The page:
By Jean Tirole

economics for the common good cover
Editions:Hardcover: $ 29.95
ISBN: 9780691175164

From Nobel Prize–winning economist Jean Tirole, a bold new agenda for the role of economics in society

When Jean Tirole won the 2014 Nobel Prize in Economics, he suddenly found himself being stopped in the street by complete strangers and asked to comment on issues of the day, no matter how distant from his own areas of research. His transformation from academic economist to public intellectual prompted him to reflect further on the role economists and their discipline play in society. The result is Economics for the Common Good, a passionate manifesto for a world in which economics, far from being a "dismal science," is a positive force for the common good.

Economists are rewarded for writing technical papers in scholarly journals, not joining in public debates. But Tirole says we urgently need economists to engage with the many challenges facing society, helping to identify our key objectives and the tools needed to meet them.

To show how economics can help us realize the common good, Tirole shares his insights on a broad array of questions affecting our everyday lives and the future of our society, including global warming, unemployment, the post-2008 global financial order, the euro crisis, the digital revolution, innovation, and the proper balance between the free market and regulation.

Providing a rich account of how economics can benefit everyone, Economics for the Common Good sets a new agenda for the role of economics in society.

Reviews:Andrei Rogobete on Acton Institute wrote:

"Clarity of thought and breadth of knowledge shine throughout the book. If there is anything to critique, it may be that Tirole is too ambitious. One could say that he tries to cover too much ground at the expense of depth (although the book was never intended to cover its subjects exhaustively). It is above all an educational publication that seeks to re-affirm the role of economists in advancing the common good."

Philip Delves Boughton on The Wall Street Journal wrote:

"[...] an ambitious yet accessible summary of his ideas on the proper role of economists and the value of their ideas in informing government, business and social life. Mr. Tirole has studied a vast range of subjects, including industrial organization, regulation, finance, banking and psychology-based economics. He offers no cute, TED-talky efforts to over-simplify complex ideas. Nor is he some smash-mouth partisan, hell-bent on winning the fight for a particular school or party. He is committed, as he writes, to “reflecting scientifically” on the issues thrown up in economics. They range from the perils of economists becoming too politically engaged to the impending effect of technology on jobs and the moral quicksands of free markets. Few books, I would guess, have ever contained serious discussions of both the prudential regulation of financial markets and the morality of allowing “little people” to be catapulted across nightclubs as paid entertainment."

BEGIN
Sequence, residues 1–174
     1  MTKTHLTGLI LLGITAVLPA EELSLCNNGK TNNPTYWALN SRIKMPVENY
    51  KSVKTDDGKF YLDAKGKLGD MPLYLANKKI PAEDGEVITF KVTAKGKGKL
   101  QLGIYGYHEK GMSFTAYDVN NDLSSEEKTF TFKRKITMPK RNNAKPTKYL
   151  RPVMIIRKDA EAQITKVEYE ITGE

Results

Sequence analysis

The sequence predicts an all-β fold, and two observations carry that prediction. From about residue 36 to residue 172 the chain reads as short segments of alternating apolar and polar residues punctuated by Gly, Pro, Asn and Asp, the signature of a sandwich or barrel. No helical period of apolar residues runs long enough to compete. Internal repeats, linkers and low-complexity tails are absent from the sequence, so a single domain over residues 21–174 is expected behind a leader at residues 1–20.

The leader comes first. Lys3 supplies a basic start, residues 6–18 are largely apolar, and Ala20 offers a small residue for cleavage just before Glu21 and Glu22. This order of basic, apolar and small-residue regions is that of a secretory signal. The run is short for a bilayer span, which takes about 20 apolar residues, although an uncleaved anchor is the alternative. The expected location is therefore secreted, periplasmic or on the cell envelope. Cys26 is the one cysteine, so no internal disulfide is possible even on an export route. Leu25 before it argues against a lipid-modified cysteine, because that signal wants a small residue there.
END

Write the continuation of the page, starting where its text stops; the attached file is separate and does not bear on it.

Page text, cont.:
Lecture by the Author

About Jean Tirole

Jean TiroleJean Tirole (born 9 August 1953) is a French professor of economics. He focuses on industrial organization, game theory, banking and finance, and economics and psychology. In 2014 he was awarded the Nobel Memorial Prize in Economic Sciences for his analysis of market power and regulation. Bron: Wikipedia.

Table of Contents

Introduction - Whatever Happened to the Common Good?


  1. Do You Like Economics?
  2. The Moral Limits of the Market


  1. The Economist in Civil Society
  2. The Everyday Life of a Researcher
  3. Economics on the Move


  1. Toward a Modern State
  2. The Governance and Social Responsibility of Business


  1. The Climate Challenge
  2. Labour Market Challenges
  3. Europe at the Crossroads
  4. What Use Is Finance?
  5. The Financial Crisis of 2008


  1. Competition Policy and Industrial Policy
  2. How Digitization is Changing Everything
  3. Digital Economies: the Challenges for Society
  4. Innovation and Intellectual Property
  5. Sector Regulation